When the New Emperor of Japan went to Henley

Crown Prince Naruhito is guided around the Schwarzenbach International Rowing Gallery by Paul Mainds, who was the Chief Executive of the River & Rowing Museum at that time. The photograph also shows, on the right, Chris Dodd, who originally had the vision for the Museum, and David Chipperfield, the Museum’s award-winning architect. Courtesy of the River & Rowing Museum.

7 June 2019

By Paul Mainds

Emperor Akihito of Japan abdicated from the Chrysanthemum Throne on 30 April 2019. The day after, his son, Crown Prince Naruhito, became the new Emperor. Paul Mainds, former Chief Executive and Trustee of the River & Rowing Museum, remembers when the Prince visited the Museum in 2001.

In May 2001, the new Emperor of Japan, Naruhito, then the Crown Prince, paid an official visit to Great Britain. The main reason for the Crown Prince’s visit was to launch “Japan 2001”, a year-long programme of Japanese cultural events in Britain, of which he was joint-patron together with the Prince of Wales.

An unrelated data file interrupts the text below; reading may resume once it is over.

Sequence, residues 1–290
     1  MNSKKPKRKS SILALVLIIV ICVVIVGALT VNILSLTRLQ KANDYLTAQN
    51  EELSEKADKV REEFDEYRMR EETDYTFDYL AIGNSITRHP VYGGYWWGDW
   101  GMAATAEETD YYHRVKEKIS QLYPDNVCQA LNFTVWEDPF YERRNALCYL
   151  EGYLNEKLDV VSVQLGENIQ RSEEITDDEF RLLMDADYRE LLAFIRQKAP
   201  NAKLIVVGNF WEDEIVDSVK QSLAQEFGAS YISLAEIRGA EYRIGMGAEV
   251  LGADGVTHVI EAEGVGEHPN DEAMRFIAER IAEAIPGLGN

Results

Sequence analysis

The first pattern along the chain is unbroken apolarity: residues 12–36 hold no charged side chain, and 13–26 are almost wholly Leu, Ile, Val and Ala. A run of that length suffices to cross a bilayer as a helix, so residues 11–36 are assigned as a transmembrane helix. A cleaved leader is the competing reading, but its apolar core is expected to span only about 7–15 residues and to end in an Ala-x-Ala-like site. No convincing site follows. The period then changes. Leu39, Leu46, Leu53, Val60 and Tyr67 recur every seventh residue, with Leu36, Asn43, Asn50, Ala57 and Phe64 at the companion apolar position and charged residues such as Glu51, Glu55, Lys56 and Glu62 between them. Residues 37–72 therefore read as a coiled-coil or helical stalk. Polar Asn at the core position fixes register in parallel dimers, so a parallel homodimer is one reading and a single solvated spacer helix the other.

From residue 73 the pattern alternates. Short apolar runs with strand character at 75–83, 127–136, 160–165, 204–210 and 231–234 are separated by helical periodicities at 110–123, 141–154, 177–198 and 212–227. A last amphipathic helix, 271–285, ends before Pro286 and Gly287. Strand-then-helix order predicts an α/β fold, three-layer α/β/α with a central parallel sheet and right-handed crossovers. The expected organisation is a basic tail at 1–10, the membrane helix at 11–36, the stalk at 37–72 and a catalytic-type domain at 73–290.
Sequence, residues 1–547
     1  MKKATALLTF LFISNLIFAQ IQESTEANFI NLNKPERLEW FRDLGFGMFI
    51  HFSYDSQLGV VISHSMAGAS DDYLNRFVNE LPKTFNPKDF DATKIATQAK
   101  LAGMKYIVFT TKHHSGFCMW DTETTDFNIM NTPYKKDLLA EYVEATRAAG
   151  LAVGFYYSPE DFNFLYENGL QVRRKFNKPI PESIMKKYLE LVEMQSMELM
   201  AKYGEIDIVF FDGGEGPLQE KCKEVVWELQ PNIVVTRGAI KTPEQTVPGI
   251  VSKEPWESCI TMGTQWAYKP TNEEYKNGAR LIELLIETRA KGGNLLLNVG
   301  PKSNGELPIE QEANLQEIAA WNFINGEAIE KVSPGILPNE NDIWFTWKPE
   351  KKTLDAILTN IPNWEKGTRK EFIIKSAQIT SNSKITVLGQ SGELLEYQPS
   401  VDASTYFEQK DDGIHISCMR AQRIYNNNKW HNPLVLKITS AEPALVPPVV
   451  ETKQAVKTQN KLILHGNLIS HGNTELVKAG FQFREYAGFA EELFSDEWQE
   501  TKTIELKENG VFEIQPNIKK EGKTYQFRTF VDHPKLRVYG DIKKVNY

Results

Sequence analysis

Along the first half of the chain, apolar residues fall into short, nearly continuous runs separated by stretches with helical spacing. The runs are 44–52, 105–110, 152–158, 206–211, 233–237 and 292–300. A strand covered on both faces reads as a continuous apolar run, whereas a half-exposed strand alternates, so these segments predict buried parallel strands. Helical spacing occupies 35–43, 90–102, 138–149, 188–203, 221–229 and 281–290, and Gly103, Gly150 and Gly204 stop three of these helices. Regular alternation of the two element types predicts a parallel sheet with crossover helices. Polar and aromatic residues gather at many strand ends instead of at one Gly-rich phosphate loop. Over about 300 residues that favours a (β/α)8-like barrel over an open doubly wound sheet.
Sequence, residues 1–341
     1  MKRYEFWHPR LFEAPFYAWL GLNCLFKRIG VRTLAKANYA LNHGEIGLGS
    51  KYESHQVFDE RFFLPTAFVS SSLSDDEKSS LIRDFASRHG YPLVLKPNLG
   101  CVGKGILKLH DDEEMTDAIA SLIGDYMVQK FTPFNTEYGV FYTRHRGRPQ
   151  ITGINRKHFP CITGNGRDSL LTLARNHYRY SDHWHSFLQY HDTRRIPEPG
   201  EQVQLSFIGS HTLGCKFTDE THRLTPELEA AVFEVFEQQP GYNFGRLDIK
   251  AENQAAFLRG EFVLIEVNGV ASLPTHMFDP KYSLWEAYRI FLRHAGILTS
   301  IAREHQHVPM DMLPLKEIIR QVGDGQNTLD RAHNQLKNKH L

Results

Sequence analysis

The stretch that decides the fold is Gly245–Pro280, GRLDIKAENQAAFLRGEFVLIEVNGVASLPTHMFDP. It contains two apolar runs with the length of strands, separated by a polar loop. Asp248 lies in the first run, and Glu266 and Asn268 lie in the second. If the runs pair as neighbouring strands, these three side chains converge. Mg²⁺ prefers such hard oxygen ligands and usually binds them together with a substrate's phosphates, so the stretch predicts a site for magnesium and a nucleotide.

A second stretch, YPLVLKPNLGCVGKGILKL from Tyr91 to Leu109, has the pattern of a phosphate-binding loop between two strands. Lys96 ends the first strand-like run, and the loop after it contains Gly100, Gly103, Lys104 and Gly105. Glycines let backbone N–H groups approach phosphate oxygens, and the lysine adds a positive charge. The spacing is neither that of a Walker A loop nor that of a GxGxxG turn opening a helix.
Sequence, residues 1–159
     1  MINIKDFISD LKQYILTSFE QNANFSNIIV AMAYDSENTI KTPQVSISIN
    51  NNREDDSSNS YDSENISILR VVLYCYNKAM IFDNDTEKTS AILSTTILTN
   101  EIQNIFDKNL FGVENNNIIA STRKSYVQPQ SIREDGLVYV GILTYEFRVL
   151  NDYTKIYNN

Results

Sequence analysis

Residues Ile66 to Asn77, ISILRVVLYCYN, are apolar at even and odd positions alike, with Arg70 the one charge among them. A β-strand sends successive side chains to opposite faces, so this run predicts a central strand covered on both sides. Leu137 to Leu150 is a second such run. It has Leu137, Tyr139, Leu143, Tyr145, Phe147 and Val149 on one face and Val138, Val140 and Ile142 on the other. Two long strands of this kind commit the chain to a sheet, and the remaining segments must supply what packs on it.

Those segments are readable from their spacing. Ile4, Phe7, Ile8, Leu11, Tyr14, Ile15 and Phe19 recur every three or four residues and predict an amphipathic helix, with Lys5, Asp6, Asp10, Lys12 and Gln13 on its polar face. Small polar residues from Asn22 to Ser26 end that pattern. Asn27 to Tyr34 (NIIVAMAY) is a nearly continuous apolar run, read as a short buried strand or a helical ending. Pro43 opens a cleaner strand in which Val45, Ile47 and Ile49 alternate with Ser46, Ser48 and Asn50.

During his visit, the Crown Prince went back to Oxford, where he had been a student at Merton College from 1983 to 1985. By all accounts, he much enjoyed his time there and found the atmosphere a relaxing alternative to the formality that he was used to in Japan. His studies resulted in a thesis exploring navigation and traffic on the River Thames during the 18th century. The thesis, The Thames as Highway – A Study of Navigation and Traffic on the Upper Thames in the Eighteen Century, was published by Oxford University Press in 1989.

Courtesy of the River & Rowing Museum.

En route from Oxford to a lunch with Prince Charles at his country home, Highgrove House, the Crown Prince visited the Museum where he took great interest in touring the galleries, especially those dedicated to Rowing and the River Thames. Before leaving, he signed the copy of his thesis held by the Museum.

The Chairman of the Museum Trustees and key benefactor at that time, Martyn Arbib, who was knighted in 2003, invited Crown Prince Naruhito to sign the Museum’s copy of his “The Thames as Highway”, which the Museum holds in the Keller Library. Courtesy of the River & Rowing Museum.

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